How To Increase Your Healthy Food Profile with Honey

The nutritional benefits of substituting honey for sugar in your recipes.

Honey: The Complete Guide for Food Professionals

If you’re looking for the comprehensive buzz on nature’s sweetest nectar, you’ve come to the right place! This complete guide to honey for food professionals will give you info on where honey comes from, varieties of honey, honey’s nutritional value, health benefits of honey, honey hazards, cooking and baking with honey, the difference between raw and store-bought honey, organic honey certification standards, and more. Finally, to top off this delectable menu, you will enjoy a rich helping of little-known facts about this golden syrupy nugget!

All-Natural Honey – in High Demand

In an age where interest in all-natural ingredients, natural lifestyles, avoidance of harmful chemicals, and nutritious foods and beverages is on the rise, it’s no great surprise that restaurant owners, caterers, bakers, and other foodservice professionals are taking note of the virtues of honey –and including its plethora of flavors and colors in their menu offerings. If your restaurant or catering company follows current market trends, then adding honey to your recipes is a natural outgrowth of going “green,” catering to consumer demand, and protecting the environment. It’s also a savvy way to boost your business!

History of Honey

Bee-lieve it or not, the history of honey dates back to the Stone Ages! It appears in cave paintings from 8,000 years ago and in rock art pictures (which bear similarities to drawings in A.A. Milne’s classic “Winnie the Pooh”). Beeswax, likely used for waterproofing, has been found on pottery from 7000 B.C., while the ancient super-powers (Greeks, Romans, Chinese) used honey to soothe wounds and treat stomach upsets and fevers. The ancient Egyptians offered honey to the gods and the natural sweetener has been used for millennia in traditional Ayurveda medicine to treat indigestion and body imbalances. A mainstay in medical practices from ancient to modern times, evidence of humans cultivating bee colonies for honey consumption began as early as 2400 B.C.

Origin and Nutritional Value of Honey

Raw honey, collected straight from the beehive, is produced from the concentrated nectar of flowers. Unheated, unpasteurized, and unprocessed, it is the most organic form of honey available. In its purest form, honey contains ingredients similar to those found in fruits and is in fact comprised primarily of fructose, glucose, and water. It also contains trace amounts of enzymes, minerals, B vitamins, vitamin C, amino acids, and antioxidants classified as flavonoids. Flavonoids are known for their anti-inflammatory properties, which accounts for some of the health benefits associated with honey.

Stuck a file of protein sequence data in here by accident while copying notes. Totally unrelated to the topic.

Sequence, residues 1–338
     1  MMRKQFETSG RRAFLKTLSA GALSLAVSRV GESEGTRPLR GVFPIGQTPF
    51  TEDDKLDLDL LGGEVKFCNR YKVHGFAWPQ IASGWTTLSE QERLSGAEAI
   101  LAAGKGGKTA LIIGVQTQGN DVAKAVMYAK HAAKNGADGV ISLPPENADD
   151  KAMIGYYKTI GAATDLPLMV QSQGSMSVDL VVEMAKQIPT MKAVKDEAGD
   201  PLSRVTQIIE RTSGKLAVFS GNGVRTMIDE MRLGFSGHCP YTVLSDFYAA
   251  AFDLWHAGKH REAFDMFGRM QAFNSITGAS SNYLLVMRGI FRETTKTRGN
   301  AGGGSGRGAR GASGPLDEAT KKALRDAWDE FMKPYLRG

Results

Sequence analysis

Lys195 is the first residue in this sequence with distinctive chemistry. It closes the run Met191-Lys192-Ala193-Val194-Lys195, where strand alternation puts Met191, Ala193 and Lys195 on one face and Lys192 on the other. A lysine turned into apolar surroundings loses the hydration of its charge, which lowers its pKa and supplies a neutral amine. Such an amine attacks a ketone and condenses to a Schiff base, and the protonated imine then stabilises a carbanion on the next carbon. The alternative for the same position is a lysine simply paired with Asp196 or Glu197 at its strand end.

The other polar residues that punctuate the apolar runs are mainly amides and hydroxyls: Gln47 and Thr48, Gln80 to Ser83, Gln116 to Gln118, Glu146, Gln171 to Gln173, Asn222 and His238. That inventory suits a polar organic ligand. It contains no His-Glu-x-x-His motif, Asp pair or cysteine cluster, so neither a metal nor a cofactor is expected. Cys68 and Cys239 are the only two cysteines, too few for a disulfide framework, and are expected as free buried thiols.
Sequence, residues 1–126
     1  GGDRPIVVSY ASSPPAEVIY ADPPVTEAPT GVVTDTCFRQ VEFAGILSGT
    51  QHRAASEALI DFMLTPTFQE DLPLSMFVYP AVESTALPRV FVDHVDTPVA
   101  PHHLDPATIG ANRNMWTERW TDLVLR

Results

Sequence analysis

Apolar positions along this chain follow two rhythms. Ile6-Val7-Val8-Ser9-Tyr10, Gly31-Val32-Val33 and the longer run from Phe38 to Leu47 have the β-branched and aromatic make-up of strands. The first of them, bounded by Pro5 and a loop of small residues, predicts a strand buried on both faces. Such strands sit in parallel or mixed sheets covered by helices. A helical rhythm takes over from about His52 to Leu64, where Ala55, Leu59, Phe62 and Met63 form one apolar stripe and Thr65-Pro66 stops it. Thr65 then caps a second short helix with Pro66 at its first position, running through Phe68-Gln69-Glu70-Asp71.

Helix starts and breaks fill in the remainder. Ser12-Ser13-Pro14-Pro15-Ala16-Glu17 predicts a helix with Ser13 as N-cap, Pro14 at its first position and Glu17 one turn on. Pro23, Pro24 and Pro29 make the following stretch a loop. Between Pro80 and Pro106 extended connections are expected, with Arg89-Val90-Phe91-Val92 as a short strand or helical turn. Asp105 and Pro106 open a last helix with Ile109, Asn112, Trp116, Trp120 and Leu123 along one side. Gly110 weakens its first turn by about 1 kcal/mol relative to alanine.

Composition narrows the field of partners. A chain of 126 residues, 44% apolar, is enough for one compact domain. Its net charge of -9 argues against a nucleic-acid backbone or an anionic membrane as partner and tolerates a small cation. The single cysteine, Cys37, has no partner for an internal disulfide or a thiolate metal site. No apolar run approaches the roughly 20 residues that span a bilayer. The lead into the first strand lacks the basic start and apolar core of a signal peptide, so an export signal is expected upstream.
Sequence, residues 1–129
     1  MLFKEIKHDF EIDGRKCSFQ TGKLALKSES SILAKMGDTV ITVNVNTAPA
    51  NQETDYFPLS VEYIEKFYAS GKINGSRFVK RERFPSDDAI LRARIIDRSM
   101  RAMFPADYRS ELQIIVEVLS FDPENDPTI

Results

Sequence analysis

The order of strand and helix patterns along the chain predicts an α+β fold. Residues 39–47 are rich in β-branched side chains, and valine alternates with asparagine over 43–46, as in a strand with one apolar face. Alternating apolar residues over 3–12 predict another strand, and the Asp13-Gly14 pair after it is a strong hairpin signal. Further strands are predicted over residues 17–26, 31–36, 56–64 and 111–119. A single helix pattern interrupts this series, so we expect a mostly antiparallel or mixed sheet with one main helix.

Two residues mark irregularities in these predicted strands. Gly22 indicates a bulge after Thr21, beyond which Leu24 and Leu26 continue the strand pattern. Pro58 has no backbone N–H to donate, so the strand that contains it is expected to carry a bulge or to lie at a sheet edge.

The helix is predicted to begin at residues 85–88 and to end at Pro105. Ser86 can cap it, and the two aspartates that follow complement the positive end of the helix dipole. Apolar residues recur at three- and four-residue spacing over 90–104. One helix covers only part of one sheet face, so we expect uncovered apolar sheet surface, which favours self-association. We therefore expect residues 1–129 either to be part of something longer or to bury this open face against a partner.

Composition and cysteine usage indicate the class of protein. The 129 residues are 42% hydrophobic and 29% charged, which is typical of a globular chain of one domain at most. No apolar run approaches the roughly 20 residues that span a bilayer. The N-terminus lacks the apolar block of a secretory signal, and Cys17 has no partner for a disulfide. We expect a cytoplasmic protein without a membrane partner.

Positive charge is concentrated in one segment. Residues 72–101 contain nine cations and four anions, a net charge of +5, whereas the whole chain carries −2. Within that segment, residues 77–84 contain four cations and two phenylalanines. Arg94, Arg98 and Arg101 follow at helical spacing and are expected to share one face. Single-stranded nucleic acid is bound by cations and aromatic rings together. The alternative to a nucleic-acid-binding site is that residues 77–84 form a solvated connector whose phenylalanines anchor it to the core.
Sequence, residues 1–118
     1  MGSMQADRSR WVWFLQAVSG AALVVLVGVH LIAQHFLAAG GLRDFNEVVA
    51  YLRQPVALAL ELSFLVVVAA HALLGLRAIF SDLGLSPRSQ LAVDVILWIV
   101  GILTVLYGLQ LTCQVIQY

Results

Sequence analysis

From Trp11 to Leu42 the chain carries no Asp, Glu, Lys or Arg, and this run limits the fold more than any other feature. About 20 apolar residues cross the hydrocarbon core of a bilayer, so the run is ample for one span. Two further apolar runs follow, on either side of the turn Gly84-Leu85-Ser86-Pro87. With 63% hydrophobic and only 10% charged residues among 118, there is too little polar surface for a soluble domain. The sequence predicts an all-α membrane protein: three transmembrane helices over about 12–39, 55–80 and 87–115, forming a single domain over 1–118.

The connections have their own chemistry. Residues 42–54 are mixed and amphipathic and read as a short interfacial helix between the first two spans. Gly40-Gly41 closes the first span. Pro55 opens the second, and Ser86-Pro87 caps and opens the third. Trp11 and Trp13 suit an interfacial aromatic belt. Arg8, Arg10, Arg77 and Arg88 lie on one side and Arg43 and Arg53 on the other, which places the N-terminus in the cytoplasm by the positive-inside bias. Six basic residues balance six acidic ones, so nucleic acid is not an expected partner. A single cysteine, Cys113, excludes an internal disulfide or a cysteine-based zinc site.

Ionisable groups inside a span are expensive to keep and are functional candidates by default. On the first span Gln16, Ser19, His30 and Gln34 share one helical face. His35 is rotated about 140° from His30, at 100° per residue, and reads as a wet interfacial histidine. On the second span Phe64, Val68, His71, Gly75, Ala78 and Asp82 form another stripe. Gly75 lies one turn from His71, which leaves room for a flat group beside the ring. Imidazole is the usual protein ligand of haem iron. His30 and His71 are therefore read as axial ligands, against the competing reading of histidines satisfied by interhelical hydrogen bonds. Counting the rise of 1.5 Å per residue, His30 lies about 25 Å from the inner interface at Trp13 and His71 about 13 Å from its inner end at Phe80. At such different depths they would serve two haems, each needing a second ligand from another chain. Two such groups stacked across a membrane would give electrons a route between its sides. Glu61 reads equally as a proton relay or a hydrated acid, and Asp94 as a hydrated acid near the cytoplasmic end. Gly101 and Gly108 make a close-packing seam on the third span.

However, the exact nutritional value of honey (as well as its color, flavor, and fragrance) depends on its origin, as there are over 300 natural varieties of this sweetener.

Types of honey

Types of Honey

Honey’s color and taste depends not only on the flower providing the nectar but on the weather conditions and region where it grows. One way to break down honey varieties is as follows:

  • Light-colored honey, milder in flavor
  • Amber-colored honey, moderate in flavor
  • Deeply colored honey, robust in flavor
    • Some of the most popular types of honey include:

      Buckwheat: A dark variety known for its malty taste and sometimes likened to blackstrap molasses, buckwheat honey is collected from the white blossoms of the buckwheat grain. While not recommended for table use, it is popularly used in cooking sauces and baking breads and honey cake.

      Alfalfa: Collected from purple alfalfa blossoms, this honey features a light, mildly sweet taste. It is recommended for cooking and baking as well as for table use.

      Clover: Boasting the largest annual production and hailing from aromatic clover blossoms, golden-colored clover honey has a sweet, light, cinnamon-y taste and is a popular ingredient in meat sauces and desserts such as sweet breads and yogurt.

      Creamed Clover (aka Spun Honey): Featuring a creamier and richer texture that is easy to spread, creamed clover honey is the result of crystallization (storing the honey for a period of time at about 55 degrees Fahrenheit) and is commonly used on toast, bagels, and biscuits.